Saturday, 17 January 2015

The Most Delicious Cassava - The Other Side of Story of Operations

The other story of a war or an operation is seldom told. It is the valour, bravery or the cowardice that is expected from a story of a battle. But the soldiers being a human there is a human touch involved in the operations, more so our soldiers are more compassionate by being Buddhist there would be innumerable stories to be shared is asked, besides the normal expected stories of bravery and valour, sometimes blown out of proportion. The show of compassion, the show of human touch to comrades and avoidance of collateral damages sacrificing own safety are seldom heard.

I have one such story which is other than the thing related to the normal military operation.

The platoon under me were dug up under the foliage completely camouflaged and waited in ambush for more than a week, getting out of the position only to answer the call of nature, rest of the mundane things are done at the same place. Surviving without hot food led to dreaming of eating in the short catnap that we took turn wise, choking with the saliva that is produced in real with the imaginary food. Too shy to narrate the dreams that time but choking-coughs could be heard.

When the relaxation or stand down was announced upon successful operation by our attack force, we went to the nearby house in search of a hot meal in the house nearby.

There were old couple and three children in the house with one young lady, who later we learned, was a divorcee. There was nothing in the kitchen. The thought of having a hot food was shattered.  By seeing their condition the urge to eat hot meal diminished.

I calculated mentally the rations that we saved and it comes to about (31x10=310/30=10months) 10 months ration for one person. I told the man to come to our camp with a horse to collect some ration when the things cool down a bit. As I was talking with the family the young lady knew from the look on our face, with dry lips and sunken eyes that we were hungry.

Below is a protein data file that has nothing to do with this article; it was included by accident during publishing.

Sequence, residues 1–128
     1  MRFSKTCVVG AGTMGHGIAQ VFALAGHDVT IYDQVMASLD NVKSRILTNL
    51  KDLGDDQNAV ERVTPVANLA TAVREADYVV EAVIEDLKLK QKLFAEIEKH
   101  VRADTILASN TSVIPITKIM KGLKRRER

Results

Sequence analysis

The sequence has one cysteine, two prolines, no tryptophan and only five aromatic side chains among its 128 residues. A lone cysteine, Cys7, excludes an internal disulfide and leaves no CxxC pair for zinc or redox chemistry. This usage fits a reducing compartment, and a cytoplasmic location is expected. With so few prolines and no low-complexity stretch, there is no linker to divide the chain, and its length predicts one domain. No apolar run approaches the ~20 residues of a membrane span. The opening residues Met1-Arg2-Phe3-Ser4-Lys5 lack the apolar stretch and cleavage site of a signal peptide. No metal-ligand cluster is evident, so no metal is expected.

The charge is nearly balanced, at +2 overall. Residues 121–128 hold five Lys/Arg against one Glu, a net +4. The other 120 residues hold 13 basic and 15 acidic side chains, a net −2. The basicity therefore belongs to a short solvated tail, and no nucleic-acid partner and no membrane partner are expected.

There was a big bowl full of ‘shing joktang’ cassava/tapioca boiled and ready to eat with ‘aezay’ chili pickle. I have never tasted better cassava than that in my entire life. The ingenuity and the resourcefulness of the young lady made her look more beautiful beyond her exterior looks – which was not bad for a village lass.

After having our fill and taking some for the other half who were manning the site. We thanked the family profusely; the urge to pay back (with the ration) became even stronger and told them to come to our base camp to collect right after our withdrawal.

One day at the base camp, I was contacted through set that there is a family wising to meet me. It was the family who fed us with a delicious cassava. The assorted dry ration of two horses’ load that they brought along and whatever they could carry was given, as generously consented by all my platoon members.

The look of happiness on their face brought tears into my eyes but that was the little we could do. For how long, the meager amount of rations will pull the whole family through, is not known. But then they have a delicious cassava and a very resourceful young lady. The burden that she may have to bear on her fragile shoulder, to look after the welfare of two aging parents and two growing siblings is more than any military operations. Our sufferings would be nothing comparing to her.

There are ample people like her if we look around and care………